According to Robert Gibbs, these are just “generated.”  The DNC says people aren’t genuinely upset, the GOP is inciting these people.  Well there was another “staged” rally up in Green Bay, WI… you know, another Republican stronghold.  Here’s the video of a “listening session” with Representative Steve Kagen (D-WI).

I guess Gibbs and the DNC can continue on with wishful thinking.  Oh hey, be sure to report these activities to the White House!

Update: Kate reminded me of somebody else who “manufactured” this type of dissent.  I wonder who that might be?

Update II: President Obama sent an email out urging opposition to the health care opposition at these townhall meetings.  What a great example of grassroots activism.

Update III: It’s also best to also arm yourself with good information before going to one of these townhall meetings or “listening sessions” with your congressman or senator.

9 comments
  1. What’s not cool is that the people who supported Kagen were shouted down when they tried to speak out in favor of reform.

    You want to shout down a politician, fine. You want to shout down your neighbor who disagrees with you, unacceptable.

  2. Actually, shouting down a politician in a forum is unacceptable as well. There are many others that want to hear and hold a discussion, not a shouting match.

    1. @Argon, Perhaps if they listened to the emails and phone calls they received prior they wouldn’t find themselves in this situation. These guys have been pretty insulated and tone deaf inside the Beltway.

  3. There is no excuse. I’ve attended presentations and discussions by many politically controversial speakers and government officials. While many held positions with which I very much disagreed, I still respected the rights of others to engage in a discussion.

    Just because they don’t respond to every email or phone call in the way someone wants doesn’t mean they haven’t listened. Perhaps they actually disagree with the positions put forward in the calls.

    I appreciate that some people are particularly angry and I’ve got nothing against protest — picket the reps’ offices or hold a demonstration — but don’t ‘disrespect’ the rights of others to hear and engage in discussion with their elected officials.

    1. @Argon, I agree with you that they shouldn’t shout down others who disagree. What I find laughable is how the Democrats are responding to this.

      When Democrats and liberals protest its grassroots. When this happens it’s orchestrated.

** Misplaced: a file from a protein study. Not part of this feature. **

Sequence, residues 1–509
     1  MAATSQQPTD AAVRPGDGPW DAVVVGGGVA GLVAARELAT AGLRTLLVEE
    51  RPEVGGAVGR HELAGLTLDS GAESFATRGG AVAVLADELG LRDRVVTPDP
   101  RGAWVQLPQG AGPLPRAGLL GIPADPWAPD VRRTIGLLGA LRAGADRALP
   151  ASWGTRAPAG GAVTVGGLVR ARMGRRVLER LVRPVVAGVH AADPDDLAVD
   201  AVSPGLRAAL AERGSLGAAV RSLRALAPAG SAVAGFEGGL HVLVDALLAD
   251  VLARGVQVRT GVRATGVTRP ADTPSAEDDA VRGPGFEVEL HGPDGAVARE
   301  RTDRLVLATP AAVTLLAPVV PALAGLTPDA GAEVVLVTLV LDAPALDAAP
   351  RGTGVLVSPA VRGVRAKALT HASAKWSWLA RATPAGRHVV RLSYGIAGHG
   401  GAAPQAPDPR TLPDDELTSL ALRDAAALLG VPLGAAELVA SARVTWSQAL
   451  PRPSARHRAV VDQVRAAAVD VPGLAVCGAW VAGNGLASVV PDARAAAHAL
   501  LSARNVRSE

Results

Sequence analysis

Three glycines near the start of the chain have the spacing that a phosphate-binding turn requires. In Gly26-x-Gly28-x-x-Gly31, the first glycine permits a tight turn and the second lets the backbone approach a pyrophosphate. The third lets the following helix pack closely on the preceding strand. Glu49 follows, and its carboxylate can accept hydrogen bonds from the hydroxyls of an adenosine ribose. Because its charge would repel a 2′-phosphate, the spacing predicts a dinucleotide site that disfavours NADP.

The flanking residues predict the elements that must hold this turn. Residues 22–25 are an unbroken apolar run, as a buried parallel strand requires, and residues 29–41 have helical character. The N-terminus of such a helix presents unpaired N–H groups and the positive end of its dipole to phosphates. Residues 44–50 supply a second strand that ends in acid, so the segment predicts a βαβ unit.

You are really missing the point of this post.
      .-= Shane Vander Hart´s last blog ..Reforma =-.

      1. @Shane Vander Hart, I understood the point of the post but was responding to comments in the discussion.

        I certainly agree that the Democrats are working to spin the coverage. Every group involved is spinning the coverage and deploying ‘citizen workers’ to help guide the confrontation. ‘Pegging the irony meter’ is an apt metaphor for many of strategies deployed by all sides.

        I don’t know if the linkage with astroturf and the ‘far-right fringe’ will pan out but it has got a shot. Disrupting discussions doesn’t help nor is any link to the ‘birthers’. Recall in the past that the Republicans repeatedly employed similar arguments about the ‘protesting, shrill, left’.

        Still, the fact that millions of $$ per day are being spent to swing this debate in either direction is quite unprecedented. The signal-to-noise ratio is about the lowest I remember seeing.

      2. To add: Here’s a comment from Conor Freidersdorf’s blog (related to the Cash for Clunkers program but also applicable for the health care legislation debate):

        As regular readers know, I think it is important to rebut absurd rhetoric and expose intellectually dishonest blowhards for what they are, but I also think that any assessment of a policy’s merits should be formed in response to the best arguments for and against it, not the noisiest or even the most prevalent critique on offer. Just because the right includes a lot of people making very bad arguments right now doesn’t make the people they’re arguing against right. It’s a lesson I learned when I saw the behavior of bombastic, juvenile folks on the left translate into support for President Bush’s bid to invade Iraq.

        Let us recall Jane’s law: “The devotees of the party in power are smug and arrogant. The devotees of the party out of power are insane.” A corollary is that those insane people end up inadvertently helping the smug and arrogant to advance their agenda, however foolish. We should resist that outcome as best we can — and one way to do so is to grapple with the right’s more sane writers rather than its most hackish cable news talking heads.

        URL –
        http://theamericanscene.com/2009/08/04/debating-cash-for-clunkers

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